Community Research and Development Information Service - CORDIS

Poor quality waters for better irrigation

The competition between clean, fresh water supplies and safe, quality food production is growing. An EU-funded initiative investigated various means of securing the latter with innovative irrigation techniques.
Poor quality waters for better irrigation
The 'Safe and high quality food production using poor quality waters and improved irrigation systems and management' (SAFIR) project employed an integrated, multidisciplinary European-level approach with a global dimension. In doing so, it investigated several different irrigation methods with the aim to devise affordable and easily applicable irrigation solutions.

Through the course of the research, SAFIR designed two suitable water treatment methods – a compact pressurised membrane biofilter (MBR) and a field treatment system. These systems were designed to deal with small industrial and residential wastewaters, or secondary wastewaters from urban treatment plants or wastewater requiring further in-field treatment.

Project partners addressed specific concerns such as bioaccumulation of pollutants and coverage of seasonal concentration changes. Also, the physical and chemical characteristics of food produced with the new irrigation techniques were evaluated and compared to food produced with regular water systems. Accordingly, the partial root drying (PRD) method was considered advantageous over regular deficit irrigation methods.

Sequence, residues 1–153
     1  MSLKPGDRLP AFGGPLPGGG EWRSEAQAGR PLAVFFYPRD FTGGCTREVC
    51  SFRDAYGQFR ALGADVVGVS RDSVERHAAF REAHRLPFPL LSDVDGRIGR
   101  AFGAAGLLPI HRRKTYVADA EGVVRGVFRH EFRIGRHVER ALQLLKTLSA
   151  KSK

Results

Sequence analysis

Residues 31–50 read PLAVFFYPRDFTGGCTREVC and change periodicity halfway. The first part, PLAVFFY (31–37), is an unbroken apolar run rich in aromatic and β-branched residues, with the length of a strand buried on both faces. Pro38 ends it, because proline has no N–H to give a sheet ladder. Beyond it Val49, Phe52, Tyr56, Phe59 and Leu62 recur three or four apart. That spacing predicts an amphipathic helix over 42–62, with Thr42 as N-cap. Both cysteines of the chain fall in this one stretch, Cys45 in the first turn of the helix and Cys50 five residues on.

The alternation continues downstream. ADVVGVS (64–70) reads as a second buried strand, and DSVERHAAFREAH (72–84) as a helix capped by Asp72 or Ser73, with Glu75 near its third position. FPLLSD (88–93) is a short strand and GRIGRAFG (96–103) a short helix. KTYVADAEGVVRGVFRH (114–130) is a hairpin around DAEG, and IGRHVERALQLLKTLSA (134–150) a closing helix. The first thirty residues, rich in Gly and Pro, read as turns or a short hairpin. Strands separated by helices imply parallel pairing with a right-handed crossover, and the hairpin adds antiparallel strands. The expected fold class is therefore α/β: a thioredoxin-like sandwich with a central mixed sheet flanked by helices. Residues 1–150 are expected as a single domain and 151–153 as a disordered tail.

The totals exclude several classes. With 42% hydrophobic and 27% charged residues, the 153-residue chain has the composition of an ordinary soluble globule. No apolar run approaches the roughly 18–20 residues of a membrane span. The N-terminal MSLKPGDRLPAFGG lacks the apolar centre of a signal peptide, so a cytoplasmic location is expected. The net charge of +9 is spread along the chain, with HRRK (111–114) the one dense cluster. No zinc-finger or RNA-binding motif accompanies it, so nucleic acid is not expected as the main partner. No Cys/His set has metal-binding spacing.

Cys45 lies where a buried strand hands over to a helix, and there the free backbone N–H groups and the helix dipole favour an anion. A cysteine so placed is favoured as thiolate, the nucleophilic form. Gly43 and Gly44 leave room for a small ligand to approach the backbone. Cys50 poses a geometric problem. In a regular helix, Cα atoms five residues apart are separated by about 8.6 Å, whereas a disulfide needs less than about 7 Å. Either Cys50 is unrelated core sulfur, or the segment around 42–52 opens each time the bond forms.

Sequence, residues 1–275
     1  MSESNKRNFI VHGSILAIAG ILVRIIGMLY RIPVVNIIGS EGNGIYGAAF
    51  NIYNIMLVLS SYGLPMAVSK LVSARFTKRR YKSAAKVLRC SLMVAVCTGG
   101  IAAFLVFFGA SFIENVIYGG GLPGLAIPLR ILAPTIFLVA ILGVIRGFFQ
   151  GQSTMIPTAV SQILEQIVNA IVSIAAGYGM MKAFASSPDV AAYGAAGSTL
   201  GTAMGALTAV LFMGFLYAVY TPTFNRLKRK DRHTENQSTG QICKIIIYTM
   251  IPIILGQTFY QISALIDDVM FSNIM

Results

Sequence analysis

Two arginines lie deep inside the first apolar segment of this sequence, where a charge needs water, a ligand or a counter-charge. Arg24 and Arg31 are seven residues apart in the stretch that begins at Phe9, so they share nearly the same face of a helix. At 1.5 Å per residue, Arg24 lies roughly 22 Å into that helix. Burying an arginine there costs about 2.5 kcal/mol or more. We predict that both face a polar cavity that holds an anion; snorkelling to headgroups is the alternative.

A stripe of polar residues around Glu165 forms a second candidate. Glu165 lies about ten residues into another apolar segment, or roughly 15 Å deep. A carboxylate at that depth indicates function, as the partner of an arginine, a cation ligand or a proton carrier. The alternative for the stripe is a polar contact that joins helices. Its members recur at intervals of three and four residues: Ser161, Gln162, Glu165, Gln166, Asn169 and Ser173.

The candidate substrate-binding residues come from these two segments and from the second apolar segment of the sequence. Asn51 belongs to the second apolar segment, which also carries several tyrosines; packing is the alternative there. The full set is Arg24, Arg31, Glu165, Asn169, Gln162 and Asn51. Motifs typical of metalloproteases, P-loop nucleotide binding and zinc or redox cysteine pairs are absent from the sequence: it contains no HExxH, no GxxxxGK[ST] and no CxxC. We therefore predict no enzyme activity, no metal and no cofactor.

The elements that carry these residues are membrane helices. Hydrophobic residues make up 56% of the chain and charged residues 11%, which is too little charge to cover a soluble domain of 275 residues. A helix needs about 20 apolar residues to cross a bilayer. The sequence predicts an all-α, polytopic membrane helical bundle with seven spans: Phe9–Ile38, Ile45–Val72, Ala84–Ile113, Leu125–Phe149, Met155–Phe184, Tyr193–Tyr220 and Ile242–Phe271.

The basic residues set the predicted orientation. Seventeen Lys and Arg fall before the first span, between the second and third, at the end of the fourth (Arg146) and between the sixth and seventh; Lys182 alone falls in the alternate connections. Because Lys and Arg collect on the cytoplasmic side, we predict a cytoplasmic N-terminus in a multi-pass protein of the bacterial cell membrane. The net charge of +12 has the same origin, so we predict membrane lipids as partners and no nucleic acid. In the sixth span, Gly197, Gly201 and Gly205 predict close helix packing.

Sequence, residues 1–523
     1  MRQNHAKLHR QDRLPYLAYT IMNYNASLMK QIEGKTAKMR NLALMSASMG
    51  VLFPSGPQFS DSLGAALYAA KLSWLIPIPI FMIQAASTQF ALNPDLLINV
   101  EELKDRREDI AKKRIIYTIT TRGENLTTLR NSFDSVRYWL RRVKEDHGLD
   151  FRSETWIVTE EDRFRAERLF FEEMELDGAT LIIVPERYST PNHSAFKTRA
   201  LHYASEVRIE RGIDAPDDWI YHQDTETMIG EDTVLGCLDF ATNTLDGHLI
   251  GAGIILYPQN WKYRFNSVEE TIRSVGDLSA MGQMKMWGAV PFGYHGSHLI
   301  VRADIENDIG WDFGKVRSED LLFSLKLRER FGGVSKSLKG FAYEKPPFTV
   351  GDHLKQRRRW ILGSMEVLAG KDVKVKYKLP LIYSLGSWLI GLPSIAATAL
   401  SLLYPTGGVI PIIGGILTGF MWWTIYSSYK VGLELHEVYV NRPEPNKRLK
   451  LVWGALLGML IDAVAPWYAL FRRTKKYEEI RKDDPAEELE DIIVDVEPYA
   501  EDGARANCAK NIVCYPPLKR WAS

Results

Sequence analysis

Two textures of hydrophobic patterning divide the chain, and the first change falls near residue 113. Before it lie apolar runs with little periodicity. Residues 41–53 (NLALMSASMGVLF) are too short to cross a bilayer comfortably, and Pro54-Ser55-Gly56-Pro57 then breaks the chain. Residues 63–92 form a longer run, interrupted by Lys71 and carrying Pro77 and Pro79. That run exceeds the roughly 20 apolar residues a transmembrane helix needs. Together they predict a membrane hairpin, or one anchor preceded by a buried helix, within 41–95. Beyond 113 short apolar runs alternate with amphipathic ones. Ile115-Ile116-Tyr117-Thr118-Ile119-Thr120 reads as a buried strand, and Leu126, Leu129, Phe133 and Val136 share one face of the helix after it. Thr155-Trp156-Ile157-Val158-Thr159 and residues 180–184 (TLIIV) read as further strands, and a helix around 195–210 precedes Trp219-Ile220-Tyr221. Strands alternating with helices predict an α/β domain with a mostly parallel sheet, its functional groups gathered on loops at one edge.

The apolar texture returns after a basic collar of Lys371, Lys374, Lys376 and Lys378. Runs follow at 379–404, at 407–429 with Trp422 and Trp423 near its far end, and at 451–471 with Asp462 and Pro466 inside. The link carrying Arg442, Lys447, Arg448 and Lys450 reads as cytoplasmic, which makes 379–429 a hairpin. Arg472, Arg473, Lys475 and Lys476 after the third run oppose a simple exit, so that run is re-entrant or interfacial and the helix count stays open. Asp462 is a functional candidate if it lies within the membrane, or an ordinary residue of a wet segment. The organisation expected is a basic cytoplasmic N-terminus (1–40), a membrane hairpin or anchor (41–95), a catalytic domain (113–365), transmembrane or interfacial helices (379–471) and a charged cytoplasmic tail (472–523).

Additionally, these methods were evaluated with respect to trace pollutants, pathogens and soil degradation. Consequently, conceptual and numerical models were developed at field-scale for chemical and biological transfers. This enabled team members to obtain feedback on potential risks and water quality of these systems for the development of a safe, affordable solution for recycled water schemes.

Information regarding these treatments was disseminated to farmers along with water saving guidelines as well as risk assessment models compliant with the WHO recommended methodologies.

Related information

Subjects

Agriculture - Food
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